What advice would you give to a newly diagnosed young patient? And his parents?

First of all, it is important to bear in mind that as soon as a supposedly benign illness (cough, migraine...) continues to persist, it is better to consult quickly with a medical doctor, as this can hide a serious illness.

It is necessary for the patient to speak clearly about what is happening, be informed about the steps in the treatment, and to talk about them together. When the patient is informed about his or her illness, he or she can help by providing clear answers to questions. It is also necessary to consider that while undergoing treatment, anything can happen. Above all, the patient should not focus on side effects (hair loss, etc....). The hair will grow back and will look even better later! I can confirm it. It is also necessary for the patient to be physically active if his or her health state permits it, but exercise gently and walk. Diet is also important; it is really at the heart of healing.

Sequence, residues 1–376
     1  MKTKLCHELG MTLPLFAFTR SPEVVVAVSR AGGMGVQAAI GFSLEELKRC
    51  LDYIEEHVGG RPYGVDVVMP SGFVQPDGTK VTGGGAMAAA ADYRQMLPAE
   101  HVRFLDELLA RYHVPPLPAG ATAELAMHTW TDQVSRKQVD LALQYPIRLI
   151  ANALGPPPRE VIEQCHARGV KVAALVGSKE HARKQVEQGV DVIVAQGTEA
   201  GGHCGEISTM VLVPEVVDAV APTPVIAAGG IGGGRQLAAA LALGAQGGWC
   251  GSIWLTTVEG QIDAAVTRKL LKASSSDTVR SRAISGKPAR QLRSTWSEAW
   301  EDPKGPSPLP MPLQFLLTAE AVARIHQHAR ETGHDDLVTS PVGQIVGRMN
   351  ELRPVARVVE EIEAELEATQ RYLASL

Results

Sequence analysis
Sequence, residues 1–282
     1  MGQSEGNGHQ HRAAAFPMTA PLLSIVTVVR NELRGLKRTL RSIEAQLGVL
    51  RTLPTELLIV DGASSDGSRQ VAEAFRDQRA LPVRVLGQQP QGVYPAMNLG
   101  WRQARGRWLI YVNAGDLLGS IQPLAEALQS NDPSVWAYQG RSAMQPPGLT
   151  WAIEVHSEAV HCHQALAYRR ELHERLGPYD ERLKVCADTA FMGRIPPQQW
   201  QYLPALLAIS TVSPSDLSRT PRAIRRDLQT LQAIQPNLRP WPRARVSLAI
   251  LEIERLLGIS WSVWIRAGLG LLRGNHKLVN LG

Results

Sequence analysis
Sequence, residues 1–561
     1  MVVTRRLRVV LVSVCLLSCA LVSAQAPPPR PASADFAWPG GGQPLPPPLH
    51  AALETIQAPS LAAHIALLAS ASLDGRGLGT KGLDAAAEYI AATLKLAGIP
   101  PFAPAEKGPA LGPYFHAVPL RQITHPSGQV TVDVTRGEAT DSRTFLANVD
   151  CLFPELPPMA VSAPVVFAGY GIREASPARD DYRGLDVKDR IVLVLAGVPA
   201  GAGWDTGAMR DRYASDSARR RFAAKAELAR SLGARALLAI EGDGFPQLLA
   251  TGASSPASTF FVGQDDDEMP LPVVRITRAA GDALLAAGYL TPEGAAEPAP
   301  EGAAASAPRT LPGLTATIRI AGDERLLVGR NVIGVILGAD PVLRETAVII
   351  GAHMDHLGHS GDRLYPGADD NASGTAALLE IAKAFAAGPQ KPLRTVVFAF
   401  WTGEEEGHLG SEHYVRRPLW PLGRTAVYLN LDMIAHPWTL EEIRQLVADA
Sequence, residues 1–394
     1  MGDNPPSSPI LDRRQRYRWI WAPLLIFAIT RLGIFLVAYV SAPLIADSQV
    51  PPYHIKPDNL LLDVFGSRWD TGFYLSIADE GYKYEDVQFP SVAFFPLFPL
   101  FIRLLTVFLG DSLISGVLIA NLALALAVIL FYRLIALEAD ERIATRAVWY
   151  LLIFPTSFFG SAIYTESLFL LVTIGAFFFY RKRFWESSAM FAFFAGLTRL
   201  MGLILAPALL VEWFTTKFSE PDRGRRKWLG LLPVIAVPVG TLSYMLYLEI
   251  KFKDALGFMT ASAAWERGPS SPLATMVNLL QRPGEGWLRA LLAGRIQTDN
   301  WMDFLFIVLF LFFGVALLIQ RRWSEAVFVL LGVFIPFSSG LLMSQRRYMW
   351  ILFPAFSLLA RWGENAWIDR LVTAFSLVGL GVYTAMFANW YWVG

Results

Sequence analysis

As parents, we can tend to feel guilty because we think that if we had been more attentive, more present, or less busy at work, we could have taken action in time. We can't kick this feeling of guilt, but we have to deal with it... On the other hand, blaming oneself does and will not help the situation or the child... if anything it will destabilize the patient.

The solution is to find how and work together to move forward (how to be more available; how to "live life" through chemotherapy sessions together; and how to organize life at home, for meals, after sessions, etc...). And to always say to oneself that in the end there will be healing!

avatar Lee Ruiz

Author: Lee Ruiz, Community Manager USA